For the past few weeks I have had the i-Rec conference on my mind, while ensuring CGI gets delivered to remotest regions in Nepal. Now I am in London UCL, to welcome 120 registered participants to the 7th international conference brought together by i-Rec, The Bartlett Development Planning Unit (DPU), University College London (UCL) and official sponsors International Federation of Red Cross and Red Crescent Societies (IFRC) International Council for Research and Innovation in Building and Construction (CIB).
The innovative conference format includes 14 round table sessions, 7 plenary sessions, London reconstruction walking tour, key note presentations and also introducing the book launch of the Second Edition of the Reconstruction Text-Book “Shelter After Disaster, by Ian Davis”, which was originally published in 1978 by Oxford Polytechnic Press.
This 7th biennial conference looks at the following sub-themes: 1) Disasters in urban context, 2) Housing and beyond: reconstructing lives, reconstructing cities, 3)Linking a past, present and future: histories, urban imaginaries, urban design and its influence on urban recovery, 4) Supporting urban risk reduction through reconstruction, 5) Relocation from hazardous areas and 6) Local governments, urban governance and institutions.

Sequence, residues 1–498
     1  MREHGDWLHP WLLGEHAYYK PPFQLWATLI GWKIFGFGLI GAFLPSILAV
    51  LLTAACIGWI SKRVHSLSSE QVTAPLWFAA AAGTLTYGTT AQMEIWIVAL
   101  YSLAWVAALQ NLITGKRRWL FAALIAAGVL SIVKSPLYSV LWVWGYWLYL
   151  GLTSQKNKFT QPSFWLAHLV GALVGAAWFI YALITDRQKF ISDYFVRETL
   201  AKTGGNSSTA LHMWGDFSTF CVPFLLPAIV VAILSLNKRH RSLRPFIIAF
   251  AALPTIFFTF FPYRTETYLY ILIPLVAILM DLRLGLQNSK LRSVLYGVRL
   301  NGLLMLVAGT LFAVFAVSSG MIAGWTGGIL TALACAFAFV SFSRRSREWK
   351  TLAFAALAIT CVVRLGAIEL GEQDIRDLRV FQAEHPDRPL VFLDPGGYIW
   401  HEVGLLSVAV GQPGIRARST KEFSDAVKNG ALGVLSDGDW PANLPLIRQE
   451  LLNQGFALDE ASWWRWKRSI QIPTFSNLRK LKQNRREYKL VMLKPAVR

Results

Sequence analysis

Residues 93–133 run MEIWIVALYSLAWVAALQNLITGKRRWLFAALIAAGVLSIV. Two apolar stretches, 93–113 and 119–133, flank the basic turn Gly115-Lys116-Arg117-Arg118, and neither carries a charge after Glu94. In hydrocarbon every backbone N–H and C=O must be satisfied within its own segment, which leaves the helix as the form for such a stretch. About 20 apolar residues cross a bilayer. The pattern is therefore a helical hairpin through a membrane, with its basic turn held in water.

There are participants from both academic and practitioner backgrounds presenting research across both urban and rural contexts, and debating the major issues revolving in themes and trends in disaster recovery and reconstruction. What entails in the organising of such a conference of massive scale and what lessons can be drawn from such a collaboration of high levels of expertise and experience?
The conference had initially received 85 abstracts which were blind, peer-reviewed by 13 members of the scientific committee requesting for further details, improvements and encouraging practice-based approach, threading a balance between empirically-rich practice accounts with academic rigour and methodological preciseness.
For the next three days delegates from across 22 countries have gathered to hear from and discuss new areas of research and collaboration on disaster recovery and reconstruction in urban areas. More details are available on the conference programme and abstracts online.
Sneha Krishnan is doctoral candidate at University College of London. She is based between the school of Civil, Environmental and Geomatic Engineering Department and The Bartlett Development Planning Unit. She is also a member of various academic and professional bodies such as EWB-UK, SanCop, IRDR, and RedR India. This posted originally appeared on her personal blog. You can also follow her on Twitter, for real-time conference commentary @snek87.